The experimental set-up is represented in Fig. 1. As for previous full-field OCT instruments, the core interferometer is based on the Linnik microscope . Instead of using a tungsten halogen or flash source, illumination in this new instrument is provided by a continuous 300 W Xenon arc lamp, channelled into the interferometer via a multimode fiber optic cable and reversed microscope objective (air, 10×, 0.25 NA) which acts as entry lens. The fiber serves to homogenize the beam for uniform illumination across the field. An image of the fiber exit face is projected by the entry lens onto the field of the interferometer microscope objectives. The polished surface of a zinc selenide (ZnSe) fragment acts as reference mirror to provide a reflectivity of 9 % in water. An achromatic doublet lens of focal length 75 cm focuses the light exiting from the interferometer onto the sensor of a CMOS camera. Detection in the original full-field OCT instrument was performed by a 15 Hz CCD camera. For the rapid acquisition instrument presented in this paper, we required a camera which was rapid enough to freeze sample movement during the acquisition of each tomographic image, whilst still retaining our relatively low-cost goal. A CMOS camera manufactured by Basler, model A504, 1280 × 1024 pixels, 8 bits, 500 Hz, was selected for this purpose. A piezoelectric translation stage sinu-soidally oscillates the reference mirror at 250 Hz, in synchronization with image capture by the CMOS camera at 500 Hz. Two consecutive images are therefore captured per modulation period of the reference mirror. On calculating the difference squared of these two phase-opposed images, we eliminate the light that has not interfered and retain only that which originates from the coherence volume, forming the signal of interest. We thereby extract a two-dimensional en face tomographic image in an acquisition period of 4 ms. A custom interface written in Visual C++ permits image acquisition, calculation and display in real-time.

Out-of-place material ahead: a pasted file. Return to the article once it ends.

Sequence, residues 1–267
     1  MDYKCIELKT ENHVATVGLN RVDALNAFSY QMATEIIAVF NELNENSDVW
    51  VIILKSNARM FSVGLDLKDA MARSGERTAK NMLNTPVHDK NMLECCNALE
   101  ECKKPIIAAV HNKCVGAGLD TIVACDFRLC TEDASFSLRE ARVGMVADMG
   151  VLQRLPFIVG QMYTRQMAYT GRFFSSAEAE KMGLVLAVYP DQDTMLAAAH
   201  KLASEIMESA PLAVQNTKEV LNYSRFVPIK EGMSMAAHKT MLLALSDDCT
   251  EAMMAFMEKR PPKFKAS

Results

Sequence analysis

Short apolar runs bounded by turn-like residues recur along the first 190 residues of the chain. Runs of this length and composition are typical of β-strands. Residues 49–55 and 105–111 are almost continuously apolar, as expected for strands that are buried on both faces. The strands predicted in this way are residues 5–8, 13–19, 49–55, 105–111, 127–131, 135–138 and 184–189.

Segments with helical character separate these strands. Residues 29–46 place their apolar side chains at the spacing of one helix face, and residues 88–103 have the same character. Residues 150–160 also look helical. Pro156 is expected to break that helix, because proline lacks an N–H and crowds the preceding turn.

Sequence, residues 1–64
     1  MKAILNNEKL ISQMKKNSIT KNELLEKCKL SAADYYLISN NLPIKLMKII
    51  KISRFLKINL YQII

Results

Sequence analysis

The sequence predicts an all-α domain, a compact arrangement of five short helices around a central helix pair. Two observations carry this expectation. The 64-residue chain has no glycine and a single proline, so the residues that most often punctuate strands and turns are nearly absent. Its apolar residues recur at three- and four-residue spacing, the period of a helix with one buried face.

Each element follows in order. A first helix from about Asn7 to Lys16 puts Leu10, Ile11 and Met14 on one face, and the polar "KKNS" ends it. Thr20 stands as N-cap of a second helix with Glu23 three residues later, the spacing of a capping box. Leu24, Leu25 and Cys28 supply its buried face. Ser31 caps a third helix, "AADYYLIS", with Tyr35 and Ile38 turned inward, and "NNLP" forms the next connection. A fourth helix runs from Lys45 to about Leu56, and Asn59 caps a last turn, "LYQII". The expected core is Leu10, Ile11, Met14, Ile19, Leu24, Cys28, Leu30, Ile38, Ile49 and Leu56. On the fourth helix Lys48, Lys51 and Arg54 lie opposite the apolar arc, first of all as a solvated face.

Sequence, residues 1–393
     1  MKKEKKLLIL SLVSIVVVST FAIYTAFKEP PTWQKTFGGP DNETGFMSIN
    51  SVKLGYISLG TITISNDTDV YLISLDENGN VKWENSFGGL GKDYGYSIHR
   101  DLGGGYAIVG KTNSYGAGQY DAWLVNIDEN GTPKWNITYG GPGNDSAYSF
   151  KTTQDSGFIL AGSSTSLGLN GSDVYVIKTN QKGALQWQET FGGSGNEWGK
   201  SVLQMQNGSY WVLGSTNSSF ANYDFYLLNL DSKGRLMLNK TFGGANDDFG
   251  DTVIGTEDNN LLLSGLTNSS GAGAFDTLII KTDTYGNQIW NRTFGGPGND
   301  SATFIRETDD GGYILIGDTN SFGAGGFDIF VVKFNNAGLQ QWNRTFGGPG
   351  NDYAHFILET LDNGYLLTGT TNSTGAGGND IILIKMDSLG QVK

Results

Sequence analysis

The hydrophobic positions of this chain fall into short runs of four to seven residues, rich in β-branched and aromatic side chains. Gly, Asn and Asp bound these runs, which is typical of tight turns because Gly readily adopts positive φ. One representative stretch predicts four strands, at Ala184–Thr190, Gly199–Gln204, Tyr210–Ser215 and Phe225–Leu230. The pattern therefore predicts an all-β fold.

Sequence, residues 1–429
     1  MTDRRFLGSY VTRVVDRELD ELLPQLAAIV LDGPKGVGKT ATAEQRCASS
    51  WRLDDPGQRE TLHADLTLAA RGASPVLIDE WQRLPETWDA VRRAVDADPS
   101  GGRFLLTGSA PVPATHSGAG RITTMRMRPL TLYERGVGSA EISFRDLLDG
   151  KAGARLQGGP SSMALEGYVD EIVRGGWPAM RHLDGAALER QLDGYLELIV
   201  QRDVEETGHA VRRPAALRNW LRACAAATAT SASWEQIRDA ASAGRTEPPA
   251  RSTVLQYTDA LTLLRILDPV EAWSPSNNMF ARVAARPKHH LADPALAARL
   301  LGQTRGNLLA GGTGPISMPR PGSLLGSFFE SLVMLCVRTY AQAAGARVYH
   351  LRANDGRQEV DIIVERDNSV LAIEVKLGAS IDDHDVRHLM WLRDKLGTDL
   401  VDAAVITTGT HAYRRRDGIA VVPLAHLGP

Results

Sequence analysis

Axial resolution is determined in OCT by the coherence length of the illumination source. The product of the Xenon arc source spectrum and the CMOS camera’s spectral response yields λ of 300 nm centered at λ = 650 nm, giving a theoretical axial resolution of 0.5 μm in water. Axial resolution may be degraded due to dispersion effects on travel through tissue . Immersion microscope objectives are therefore used to minimize dispersion mismatch between the two interferometer arms. The axial point spread function (PSF) was measured by moving a mirror through the axial focus in 0.1 μm steps on a motorized micrometric translation stage. The full width at half maximum (FWHM) of the PSF, which corresponds to the experimentally measured axial resolution, was equal to 1.0 μm in water.